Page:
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Comment and Controversy

Cut costs? Not when women expect perfection

July 2005 · Vol. 17, No. 7
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In the May issue, Dr. Bruce Ettinger recommends that we avoid rushing to bone-preserving or enhancing drugs for low-risk women (Update on Menopause: “Curb your enthusiasm—no need to rush bone drugs if risk is low”). He notes that there is an extremely high cost per fracture avoided when treating women in their 50s to prevent osteoporosis. He goes on to recommend that we “give healthy women in their 50s permission not to take drugs if their risk of fracture within the next 5 to 10 years is low.”

I believe the issue here is “beneficence” versus perfection. For example, in the field of obstetrics, we must achieve 100% success with every delivery or risk being sued. While Dr. Ettinger is giving permission to this particular subgroup of women to avoid medical therapy to reduce their fracture risk, I am interested in what their attorneys would have to say if a fracture occurred. Certainly, informed consent is critical here, as are risks and benefits. But we live in a society that expects 100% perfect outcomes all the time.

I think we should be encouraging all patients to be “cost-effective,” but leave the final decision in their hands once we point out the pluses and minuses.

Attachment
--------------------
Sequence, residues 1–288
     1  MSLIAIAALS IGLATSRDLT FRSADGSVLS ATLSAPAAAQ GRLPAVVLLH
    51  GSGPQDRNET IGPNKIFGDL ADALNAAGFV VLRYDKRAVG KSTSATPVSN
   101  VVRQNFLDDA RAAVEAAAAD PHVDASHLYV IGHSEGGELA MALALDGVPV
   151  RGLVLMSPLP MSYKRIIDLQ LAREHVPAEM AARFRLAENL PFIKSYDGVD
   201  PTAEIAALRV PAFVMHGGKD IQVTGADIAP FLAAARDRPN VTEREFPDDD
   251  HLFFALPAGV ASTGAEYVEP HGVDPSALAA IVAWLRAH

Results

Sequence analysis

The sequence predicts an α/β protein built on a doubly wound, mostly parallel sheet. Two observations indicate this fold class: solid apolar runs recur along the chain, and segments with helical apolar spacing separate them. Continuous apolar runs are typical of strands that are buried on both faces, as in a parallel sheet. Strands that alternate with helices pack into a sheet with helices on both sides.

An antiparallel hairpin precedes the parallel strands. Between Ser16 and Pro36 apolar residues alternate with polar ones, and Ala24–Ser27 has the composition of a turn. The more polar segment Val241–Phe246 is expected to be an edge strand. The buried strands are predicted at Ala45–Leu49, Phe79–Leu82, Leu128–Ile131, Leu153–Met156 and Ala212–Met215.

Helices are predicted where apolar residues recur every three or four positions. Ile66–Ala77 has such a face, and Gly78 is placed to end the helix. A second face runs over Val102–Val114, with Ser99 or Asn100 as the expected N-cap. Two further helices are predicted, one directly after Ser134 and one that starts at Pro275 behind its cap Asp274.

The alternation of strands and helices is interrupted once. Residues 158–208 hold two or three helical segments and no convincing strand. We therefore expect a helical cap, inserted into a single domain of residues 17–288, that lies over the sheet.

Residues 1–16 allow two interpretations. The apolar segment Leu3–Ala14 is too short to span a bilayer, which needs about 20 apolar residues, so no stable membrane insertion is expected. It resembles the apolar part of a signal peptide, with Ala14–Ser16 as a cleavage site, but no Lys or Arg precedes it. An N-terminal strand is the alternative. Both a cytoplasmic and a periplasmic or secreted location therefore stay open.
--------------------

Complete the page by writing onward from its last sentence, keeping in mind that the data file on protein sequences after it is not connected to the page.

Laurence F. Mack, MD
North Massapequa, NY

Dr. Barbieri Responds:

Dr. Mack highlights an important issue in the management of osteopenia and osteoporosis: the complexity of analyzing the overall clinical effectiveness of an intervention to prevent fractures. As a recent publication noted, the likely cost of alendronate treatment per quality-adjusted life-year in women with a T-score between –1.5 and –2.4 and no additional risk factors ranges from $70,000 to $332,000.1 After weighing the risks and benefits, many women choose to start alendronate when their T-score ranges from –2 to –2.4 because their perception of the serious consequences of a fracture is far more important than the cost of the treatment.

The medical community will probably continue to adjust its recommendations for treating osteopenia and osteoporosis as more data are generated.


1. Schousboe JT, Nyman JA, Kane RL, Ensrud KE. Cost-effectiveness of alendronate therapy for osteopenic postmenopausal women. Ann Intern Med. 2005;142:734-741.

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